“As we get ready to open the doors to our new shelter, I’m remaining optimistic. Let’s hope that times have changed and we are now accepted into their world; I am sure we will make a change to the plight of our city’s homeless”.
Signature Living has been praised by leading journalist Tamsen Courtenay for their work supporting the Liverpool homeless community. The author, who lead a discussion around her new book on the homeless crisis at The Shankly Hotel earlier this month, credited Signature with being a “spit in the eye” to compliance versus stability, and called our charitable work a leading success in challenging constraining technicalities laid out by councils and governments while working with the homeless.
The Public’s Response to the New Liverpool Homeless Shelter
The incredible work of Lawrence and his team working on the new Cotton Street shelter was reported nationally, with coverage in the Liverpool Echo and the iNews. The public have embraced the new shelter using social media to express support and good wishes.
Linda Clark commented on Facebook that the idea to help the Liverpool homeless community was an “amazing concept and offers the homeless the opportunities they so need and deserve to help turn their lives around”, while Kim Chaloner said it was a “brilliant idea that looks amazing and is very much needed”.
Liverpool’s Deputy Mayor and Cabinet Member for Housing, Cllr Lynnie Hinnigan, also praised the initiative. Speaking to iNews, he said “Lawrence is one of Liverpool’s most prominent business people, but despite his workload, it is clear that he and his family are passionate about taking action to help people faced with homelessness.”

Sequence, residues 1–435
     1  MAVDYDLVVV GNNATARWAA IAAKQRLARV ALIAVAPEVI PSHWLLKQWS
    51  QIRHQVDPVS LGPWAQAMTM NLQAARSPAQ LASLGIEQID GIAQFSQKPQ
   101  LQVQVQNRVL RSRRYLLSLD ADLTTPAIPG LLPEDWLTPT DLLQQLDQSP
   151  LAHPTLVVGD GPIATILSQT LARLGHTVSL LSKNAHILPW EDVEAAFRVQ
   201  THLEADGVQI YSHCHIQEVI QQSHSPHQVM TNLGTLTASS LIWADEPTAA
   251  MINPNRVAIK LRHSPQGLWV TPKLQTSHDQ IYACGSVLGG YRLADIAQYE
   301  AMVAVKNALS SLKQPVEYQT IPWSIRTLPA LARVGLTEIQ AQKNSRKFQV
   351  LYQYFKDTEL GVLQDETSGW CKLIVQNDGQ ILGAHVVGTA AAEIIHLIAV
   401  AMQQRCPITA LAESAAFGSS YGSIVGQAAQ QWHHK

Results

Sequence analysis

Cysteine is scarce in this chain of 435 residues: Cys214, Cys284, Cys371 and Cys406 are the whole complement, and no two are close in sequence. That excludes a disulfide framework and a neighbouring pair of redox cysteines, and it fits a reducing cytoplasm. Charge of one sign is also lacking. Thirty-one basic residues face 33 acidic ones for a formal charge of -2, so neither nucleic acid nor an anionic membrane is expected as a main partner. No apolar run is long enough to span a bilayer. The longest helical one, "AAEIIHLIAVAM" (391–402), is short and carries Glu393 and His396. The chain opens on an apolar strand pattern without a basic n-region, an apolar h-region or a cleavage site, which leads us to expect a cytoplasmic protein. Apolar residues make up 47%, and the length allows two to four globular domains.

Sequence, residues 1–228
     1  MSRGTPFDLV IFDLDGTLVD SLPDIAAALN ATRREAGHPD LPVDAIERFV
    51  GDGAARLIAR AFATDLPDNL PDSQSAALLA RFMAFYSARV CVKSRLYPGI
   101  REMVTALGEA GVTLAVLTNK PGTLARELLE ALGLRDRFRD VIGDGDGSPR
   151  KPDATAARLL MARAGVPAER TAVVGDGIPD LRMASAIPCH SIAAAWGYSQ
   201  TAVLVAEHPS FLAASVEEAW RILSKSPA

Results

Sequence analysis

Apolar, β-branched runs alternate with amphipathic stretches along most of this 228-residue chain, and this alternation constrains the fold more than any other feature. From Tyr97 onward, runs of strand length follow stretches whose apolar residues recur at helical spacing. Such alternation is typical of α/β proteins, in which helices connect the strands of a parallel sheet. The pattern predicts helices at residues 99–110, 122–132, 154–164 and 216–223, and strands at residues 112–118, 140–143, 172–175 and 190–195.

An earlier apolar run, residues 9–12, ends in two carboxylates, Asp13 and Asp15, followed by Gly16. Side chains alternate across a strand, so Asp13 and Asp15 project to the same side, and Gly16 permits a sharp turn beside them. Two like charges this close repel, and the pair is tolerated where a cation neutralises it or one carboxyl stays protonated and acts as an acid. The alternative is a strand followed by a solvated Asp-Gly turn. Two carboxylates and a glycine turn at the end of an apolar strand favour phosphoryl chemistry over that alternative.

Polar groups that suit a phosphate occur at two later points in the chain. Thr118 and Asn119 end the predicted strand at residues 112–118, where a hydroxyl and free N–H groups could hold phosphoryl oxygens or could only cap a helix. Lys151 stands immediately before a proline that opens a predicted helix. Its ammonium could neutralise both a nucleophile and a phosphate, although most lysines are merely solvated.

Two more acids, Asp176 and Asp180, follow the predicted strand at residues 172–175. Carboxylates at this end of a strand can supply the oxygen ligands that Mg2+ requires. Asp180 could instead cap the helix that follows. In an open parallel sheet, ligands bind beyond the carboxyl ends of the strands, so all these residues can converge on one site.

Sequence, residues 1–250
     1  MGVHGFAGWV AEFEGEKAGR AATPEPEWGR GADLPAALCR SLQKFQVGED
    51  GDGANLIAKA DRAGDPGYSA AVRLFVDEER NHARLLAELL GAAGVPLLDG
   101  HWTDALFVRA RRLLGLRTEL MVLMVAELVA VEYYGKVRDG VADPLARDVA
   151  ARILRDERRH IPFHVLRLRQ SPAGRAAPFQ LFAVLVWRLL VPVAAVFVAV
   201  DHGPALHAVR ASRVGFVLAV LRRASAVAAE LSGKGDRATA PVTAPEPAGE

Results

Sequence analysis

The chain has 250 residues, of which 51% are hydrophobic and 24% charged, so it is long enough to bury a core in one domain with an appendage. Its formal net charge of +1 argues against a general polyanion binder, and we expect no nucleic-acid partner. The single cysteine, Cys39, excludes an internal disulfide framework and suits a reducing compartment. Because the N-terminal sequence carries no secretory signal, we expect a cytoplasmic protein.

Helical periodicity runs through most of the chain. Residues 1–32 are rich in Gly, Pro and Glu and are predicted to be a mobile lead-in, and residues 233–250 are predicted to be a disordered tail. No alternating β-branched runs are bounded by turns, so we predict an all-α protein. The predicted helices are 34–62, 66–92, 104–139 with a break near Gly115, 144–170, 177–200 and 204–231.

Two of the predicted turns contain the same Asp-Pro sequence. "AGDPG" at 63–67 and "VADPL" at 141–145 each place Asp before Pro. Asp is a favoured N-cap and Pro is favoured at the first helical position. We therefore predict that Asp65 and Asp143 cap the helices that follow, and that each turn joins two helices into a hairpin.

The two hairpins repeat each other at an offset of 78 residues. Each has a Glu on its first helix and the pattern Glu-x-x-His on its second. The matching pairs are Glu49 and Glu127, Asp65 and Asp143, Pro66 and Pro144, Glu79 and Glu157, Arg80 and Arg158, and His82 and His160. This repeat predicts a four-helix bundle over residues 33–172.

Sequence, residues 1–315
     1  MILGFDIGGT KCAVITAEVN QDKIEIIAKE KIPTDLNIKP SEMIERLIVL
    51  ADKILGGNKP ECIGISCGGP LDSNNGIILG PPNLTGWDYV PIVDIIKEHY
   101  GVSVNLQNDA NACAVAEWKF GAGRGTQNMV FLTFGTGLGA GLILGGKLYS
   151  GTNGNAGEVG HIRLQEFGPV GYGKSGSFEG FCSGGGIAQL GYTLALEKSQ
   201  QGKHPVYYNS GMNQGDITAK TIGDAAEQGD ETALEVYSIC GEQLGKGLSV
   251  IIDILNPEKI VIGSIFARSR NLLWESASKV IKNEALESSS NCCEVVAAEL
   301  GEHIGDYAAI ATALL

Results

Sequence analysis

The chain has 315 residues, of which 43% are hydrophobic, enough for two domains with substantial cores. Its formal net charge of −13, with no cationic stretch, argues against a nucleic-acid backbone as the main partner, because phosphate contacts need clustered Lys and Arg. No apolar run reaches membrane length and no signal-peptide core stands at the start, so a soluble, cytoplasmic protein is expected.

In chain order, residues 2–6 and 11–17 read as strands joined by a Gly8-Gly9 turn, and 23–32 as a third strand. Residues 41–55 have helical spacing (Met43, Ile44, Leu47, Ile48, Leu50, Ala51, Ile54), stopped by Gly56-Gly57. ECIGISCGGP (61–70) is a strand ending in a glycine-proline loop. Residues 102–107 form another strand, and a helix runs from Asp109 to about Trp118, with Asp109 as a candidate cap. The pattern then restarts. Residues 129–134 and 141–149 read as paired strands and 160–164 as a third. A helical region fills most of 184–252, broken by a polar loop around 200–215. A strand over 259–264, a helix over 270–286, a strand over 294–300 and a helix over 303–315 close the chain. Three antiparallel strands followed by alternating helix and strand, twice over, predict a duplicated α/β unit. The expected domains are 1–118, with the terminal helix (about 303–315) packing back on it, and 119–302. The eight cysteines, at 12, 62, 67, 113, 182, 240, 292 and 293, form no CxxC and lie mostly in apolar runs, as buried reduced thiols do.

“His commitment to supporting the city address the problem is undeniable.”
Liverpool’s Mayor Joe Anderson also praised the shelter, tweeting “This is a fantastic looking facility. Always glad to welcome the generous voluntary support from business and individuals to help those in need. Good to see the spirit and heart of Liverpool on display,”
How you can help
Our long-term plan is to eradicate homelessness in Liverpool for good – but we can’t do that without you. The support of businesses and individuals across the region is not only appreciated – it’s critical. This isn’t a quick fix – We want to build a lasting community at Cotton Street that helps solve homelessness permanently in our city.
That’s why we’re asking you to get in touch with us. Whether you’re looking to volunteer at the shelter, offer a service, donate supplies or gift a financial contribution to the running of Cotton Street, we’d love to hear from you. Fill in the form on our new website (thecottonstreetproject.co.uk), outlining how you would like to be involved, and we’ll make sure you’re part of the team building a better vision for Liverpool and its incredible inhabitants.
The 24hr Cotton Street shelter will be opening its doors to the Liverpool homeless community on 10 October 2018 to coincide with National Homeless Day.